Edith Wharton on Art and Writing

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As much as I enjoy Jane Austen and Emily Bronte, I confess a lifelong adoration of Edith Wharton (1862—1937). Well after Darcy offended LIzzie and shortly after Heathcliff roamed the moors, Wharton won a Pulitzer (and was thrice nominated for the Nobel) in literature. This “bluestocking” author brilliantly used dramatic irony to criticize the upper class from which she came. So it’s no wonder she also made some astute observations about writing and art, some of which I’m sharing here.

Mind your manners.     “I have never known a novel that was good enough to be good in spite of its being adapted to the author’s political views.” Unless your work in progress is of a political nature, best to keep your politics to yourself and remain invisible as an author. Politics and opinions saturate the media, so let’s invent something more productive and positive with our talent.

Your writing can outlive you.     “One can remain alive long past the usual date of disintegrationcolin-firth-460_1212763c if one is unafraid of change, insatiable in intellectual curiosity, interested in big things, and happy in small ways.” If you’re fortunate enough to become a famous author, your work will speak for you. So write carefully, live fully, see grandly, and be thankful for your talent (even if publishers don’t recognize it).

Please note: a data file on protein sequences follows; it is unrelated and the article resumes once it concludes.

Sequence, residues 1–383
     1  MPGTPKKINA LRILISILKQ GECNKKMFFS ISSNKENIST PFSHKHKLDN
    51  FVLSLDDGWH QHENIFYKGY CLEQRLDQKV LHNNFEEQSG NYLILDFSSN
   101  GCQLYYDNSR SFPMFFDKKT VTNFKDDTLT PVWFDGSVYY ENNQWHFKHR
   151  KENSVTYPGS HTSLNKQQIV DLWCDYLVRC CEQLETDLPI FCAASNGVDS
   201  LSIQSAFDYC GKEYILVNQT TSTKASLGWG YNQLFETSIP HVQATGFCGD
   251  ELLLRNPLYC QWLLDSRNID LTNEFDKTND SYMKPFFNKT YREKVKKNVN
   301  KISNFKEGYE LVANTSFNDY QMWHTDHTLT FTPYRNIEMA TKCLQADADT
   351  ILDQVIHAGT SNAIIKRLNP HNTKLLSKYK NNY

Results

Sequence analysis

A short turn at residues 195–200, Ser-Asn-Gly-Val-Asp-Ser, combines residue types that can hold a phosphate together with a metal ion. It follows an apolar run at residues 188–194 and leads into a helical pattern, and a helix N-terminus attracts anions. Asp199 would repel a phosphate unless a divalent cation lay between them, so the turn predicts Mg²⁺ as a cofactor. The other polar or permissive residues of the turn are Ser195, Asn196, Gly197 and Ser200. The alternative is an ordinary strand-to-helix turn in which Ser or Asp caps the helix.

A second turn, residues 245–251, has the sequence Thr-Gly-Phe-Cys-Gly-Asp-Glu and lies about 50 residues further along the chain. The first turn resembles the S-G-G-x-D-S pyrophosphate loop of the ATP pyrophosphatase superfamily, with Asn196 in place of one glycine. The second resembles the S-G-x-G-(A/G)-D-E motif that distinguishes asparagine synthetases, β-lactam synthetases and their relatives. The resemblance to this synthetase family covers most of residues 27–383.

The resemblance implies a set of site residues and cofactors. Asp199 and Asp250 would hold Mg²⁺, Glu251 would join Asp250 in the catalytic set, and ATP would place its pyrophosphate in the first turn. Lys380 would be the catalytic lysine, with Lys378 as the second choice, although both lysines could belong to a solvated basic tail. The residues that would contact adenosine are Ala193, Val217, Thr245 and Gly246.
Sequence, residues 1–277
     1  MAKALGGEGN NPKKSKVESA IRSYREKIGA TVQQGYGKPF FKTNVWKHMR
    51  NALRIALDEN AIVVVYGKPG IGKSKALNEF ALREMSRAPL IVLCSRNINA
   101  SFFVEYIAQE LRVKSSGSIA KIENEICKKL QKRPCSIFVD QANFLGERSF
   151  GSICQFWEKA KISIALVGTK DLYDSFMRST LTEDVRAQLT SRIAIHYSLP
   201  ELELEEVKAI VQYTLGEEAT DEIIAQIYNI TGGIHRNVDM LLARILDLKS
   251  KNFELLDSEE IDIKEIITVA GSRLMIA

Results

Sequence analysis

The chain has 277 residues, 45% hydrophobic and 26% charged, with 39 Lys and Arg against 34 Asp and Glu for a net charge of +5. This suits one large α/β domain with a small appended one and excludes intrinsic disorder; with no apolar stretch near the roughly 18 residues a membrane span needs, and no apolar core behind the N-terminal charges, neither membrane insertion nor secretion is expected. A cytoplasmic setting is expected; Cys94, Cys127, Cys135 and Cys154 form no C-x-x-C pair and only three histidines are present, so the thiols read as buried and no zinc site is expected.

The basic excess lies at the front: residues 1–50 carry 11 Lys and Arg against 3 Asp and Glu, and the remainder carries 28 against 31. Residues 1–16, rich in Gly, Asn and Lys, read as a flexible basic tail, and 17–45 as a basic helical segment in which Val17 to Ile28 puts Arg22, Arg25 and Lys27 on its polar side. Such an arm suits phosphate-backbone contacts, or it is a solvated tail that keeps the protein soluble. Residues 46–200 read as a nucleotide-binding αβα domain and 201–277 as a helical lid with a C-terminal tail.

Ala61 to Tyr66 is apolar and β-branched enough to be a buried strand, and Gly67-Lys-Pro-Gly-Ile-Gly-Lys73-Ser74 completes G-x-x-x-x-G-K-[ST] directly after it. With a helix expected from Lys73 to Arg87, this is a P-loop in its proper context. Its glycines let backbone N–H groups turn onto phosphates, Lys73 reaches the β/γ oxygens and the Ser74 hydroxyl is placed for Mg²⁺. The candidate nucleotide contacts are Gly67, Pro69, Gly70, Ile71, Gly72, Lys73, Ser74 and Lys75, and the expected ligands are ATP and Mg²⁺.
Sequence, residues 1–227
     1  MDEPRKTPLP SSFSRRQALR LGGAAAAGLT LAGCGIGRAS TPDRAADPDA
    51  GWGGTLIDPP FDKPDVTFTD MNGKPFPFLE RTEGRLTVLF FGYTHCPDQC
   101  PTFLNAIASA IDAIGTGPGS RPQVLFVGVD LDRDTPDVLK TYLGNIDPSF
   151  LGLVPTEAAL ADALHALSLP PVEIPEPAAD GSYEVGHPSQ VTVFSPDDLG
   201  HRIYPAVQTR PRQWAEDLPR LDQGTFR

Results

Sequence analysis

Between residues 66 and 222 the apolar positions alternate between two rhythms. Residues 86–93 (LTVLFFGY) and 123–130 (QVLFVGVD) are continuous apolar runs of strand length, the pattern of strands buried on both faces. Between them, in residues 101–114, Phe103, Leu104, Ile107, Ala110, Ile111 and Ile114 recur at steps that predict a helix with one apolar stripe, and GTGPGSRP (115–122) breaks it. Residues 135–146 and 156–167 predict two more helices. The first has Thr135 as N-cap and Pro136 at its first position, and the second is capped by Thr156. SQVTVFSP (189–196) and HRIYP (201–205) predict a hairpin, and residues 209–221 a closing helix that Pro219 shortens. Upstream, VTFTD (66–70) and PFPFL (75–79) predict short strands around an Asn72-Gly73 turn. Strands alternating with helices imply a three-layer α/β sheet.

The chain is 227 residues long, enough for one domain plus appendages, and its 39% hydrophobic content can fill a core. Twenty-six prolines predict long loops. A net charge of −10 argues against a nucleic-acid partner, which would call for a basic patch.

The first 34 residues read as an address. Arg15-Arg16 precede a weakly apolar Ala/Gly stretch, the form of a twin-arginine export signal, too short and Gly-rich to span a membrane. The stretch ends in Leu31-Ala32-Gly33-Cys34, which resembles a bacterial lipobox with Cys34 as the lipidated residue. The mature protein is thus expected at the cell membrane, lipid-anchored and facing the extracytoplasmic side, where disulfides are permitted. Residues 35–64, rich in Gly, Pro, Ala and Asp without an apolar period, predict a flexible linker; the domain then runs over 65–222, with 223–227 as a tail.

Find your voice—and your sight.     “True originality consists not in a new manner but in a new vision.” Despite publishing’s risk-averse straightjacket, there will never be another Hemingway, or JK Rowling, or (I pray) E. L. James. Every person, therefore author, is a uniquely created child of God, and we should share our originality with the world. (If we plan to make money, we need also ensure our vision coincides with market demand.)

Be original.     “A classic is a classic not because it conforms to certain structural rules, or fits certain definitions (of which its author had quite probably never heard of). It is classic because of a certain eternal and irrepressible freshness.” Note a theme? Wharton dared to defy convention (in many ways, so check out her biography and writing). Her progressive life and insightful writing were symbiotic, yielding great personal and professional fruit. She was not a copy—and our writing shouldn’t be either.

Do you have a favorite Wharton book or short story? Perhaps right before Halloween is the perfect time to read some of her famous ghost stories and discover this talented American writer.

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